By: Adam Beechen (writer), Victor Ibáñez (artist), Ego (colorist)

The Story: What’s a girl got to do to get some freakin’ sleep around here?

The Review: I notice there’s been a recent uptick in the number of reviews where I discuss common story formulas and plot devices, which seem to be on the swell in DC lately.  It makes a fair bit of sense.  With most of the creative energies flowing into the upcoming relaunch (ten days and counting!), and the majority of titles spending their remaining issues on fill-in one-shots, you can’t exactly expect boat-rocking narratives or ideas.

Here we have another old plot structure: a character wants something, and things get in her way.  In Zatanna’s case, all she wants is something most of us working/studying stiffs can identify with: some good ol’ shut-eye—whatever that is.  In a way, the premise highlights a fairly significant logistical question in the world of comics: when do heroes sleep?  They work all day in their secret identities, and most of them operate as vigilantes at night.  That’s no way to live.

But Zee, like many of us, makes a determined attempted to have it all, even in spite of the antics from a certain teal-skinned lad from Limbo Town.  Of course I mean Uriah, smooth-talking peer to the more famous Limbonite, Klarion the Witch Boy.  Aside the absence of a feline familiar, Uriah serves as a pretty close analogue to Klarion: both are young, unnaturally eloquent lads of bratty disposition, who use their formidable magic to get what they want any way they can.

Uriah’s powers also prevents Zee from putting how down too easily as he worms his way into Shadowcrest under false pretenses, then proceeds to punk “one of the seven or eight most important magical items in any universe” from her tremendous library.  Thus ensues a chase across weird worlds, strange lands, and parallel dimensions, offering us a mere glimpse of the extraordinary life Zatanna must live on a daily basis.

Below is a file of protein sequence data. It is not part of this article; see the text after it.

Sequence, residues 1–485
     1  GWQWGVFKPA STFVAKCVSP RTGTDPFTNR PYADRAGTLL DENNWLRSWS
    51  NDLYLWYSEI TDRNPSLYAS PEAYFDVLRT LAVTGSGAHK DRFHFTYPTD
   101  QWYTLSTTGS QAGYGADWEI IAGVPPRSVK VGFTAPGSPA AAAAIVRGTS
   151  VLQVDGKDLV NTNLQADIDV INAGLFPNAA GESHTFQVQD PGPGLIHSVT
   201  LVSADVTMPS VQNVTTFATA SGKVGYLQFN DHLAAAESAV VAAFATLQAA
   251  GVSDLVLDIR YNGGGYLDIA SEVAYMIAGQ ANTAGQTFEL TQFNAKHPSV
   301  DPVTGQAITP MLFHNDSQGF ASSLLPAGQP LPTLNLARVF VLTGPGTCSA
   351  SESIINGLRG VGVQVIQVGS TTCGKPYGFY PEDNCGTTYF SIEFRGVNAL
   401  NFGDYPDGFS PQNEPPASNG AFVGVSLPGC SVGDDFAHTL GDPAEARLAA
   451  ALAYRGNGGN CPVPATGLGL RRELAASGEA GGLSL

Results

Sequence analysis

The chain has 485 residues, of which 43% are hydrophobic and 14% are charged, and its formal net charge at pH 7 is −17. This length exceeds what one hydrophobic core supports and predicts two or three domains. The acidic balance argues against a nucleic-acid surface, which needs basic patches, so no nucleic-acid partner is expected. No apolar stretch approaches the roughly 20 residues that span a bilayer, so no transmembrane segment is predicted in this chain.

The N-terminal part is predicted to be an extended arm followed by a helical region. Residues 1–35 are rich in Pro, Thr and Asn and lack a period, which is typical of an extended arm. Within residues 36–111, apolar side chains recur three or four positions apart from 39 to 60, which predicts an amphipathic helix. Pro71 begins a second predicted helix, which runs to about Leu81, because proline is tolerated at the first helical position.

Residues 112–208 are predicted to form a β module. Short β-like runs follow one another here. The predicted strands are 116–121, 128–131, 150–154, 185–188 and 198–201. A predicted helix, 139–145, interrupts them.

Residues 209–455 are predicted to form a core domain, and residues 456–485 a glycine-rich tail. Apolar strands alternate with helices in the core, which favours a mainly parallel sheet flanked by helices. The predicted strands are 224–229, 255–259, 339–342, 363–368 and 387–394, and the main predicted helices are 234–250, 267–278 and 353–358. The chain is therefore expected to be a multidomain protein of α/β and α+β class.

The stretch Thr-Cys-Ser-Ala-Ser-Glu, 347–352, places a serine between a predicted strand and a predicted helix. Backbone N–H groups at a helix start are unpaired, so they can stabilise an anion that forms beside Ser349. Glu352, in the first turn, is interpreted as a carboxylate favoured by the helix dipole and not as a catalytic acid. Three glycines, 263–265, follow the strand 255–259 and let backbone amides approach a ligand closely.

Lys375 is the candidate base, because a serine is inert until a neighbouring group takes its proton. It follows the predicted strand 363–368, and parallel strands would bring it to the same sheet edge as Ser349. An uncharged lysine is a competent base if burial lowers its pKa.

It also gives an all-too-brief glimpse into the kind of title this should have been from day one: showing us the fantastical, whimsical, unimaginable corners of the DCU, which only Zee’s charming brand of magic can access.  It’s frustrating to think, after having her own ongoing for over a year and a half, she’s accomplished hardly a single thing of note or worth, with no major story arc to her name, no substantial developments to her character or powers, nothing.  This issue hints at the enormous potential for story Zatanna holds, one that will now remain untapped for who knows how long.

Artists don’t really have the power to make up for an absolutely dismal script (not to imply this one is—far from it), but if any artist can do it, take my vote for Ibáñez, whose praises I sung when he did a one-shot on The Spirit #14.  Much as I’d love to see him on an ongoing, I suspect the grind of working on a series would prevent him from delivering the ungodly amount of detail that makes his art such a joy to look at and relook at: the bags of peanuts and cartons of juice spilling from a stewardess’ cart during a plane crash, the Victorian embroidery on Zatanna’s corset, a roomful of caged, unidentifiable creepy-crawlies—it just goes on and on.  All this, and we haven’t even touched on his dynamic use of POV, the depth of his lines, and the energy of his movement.  This is comic book art worth treasuring for future generations to appreciate.

Conclusion: Fun and delightfully imaginative, supported by quite possibly some of the best art in the land, it’s a generous send-off for a title that never got on its feet.

Grade: B+

– Minhquan Nguyen

Some Musings: – So stoked to see traces of the Fourth World (or Fifth, you never know) when Zee and Uriah run through an Apokalyptian landscape.

– Zee, you’re a millionaire a few times over.  Can’t you afford better than one mummy to guard your archive of magical tomes?  I know it’s a rough economy, but come on.

Grade

Conclusion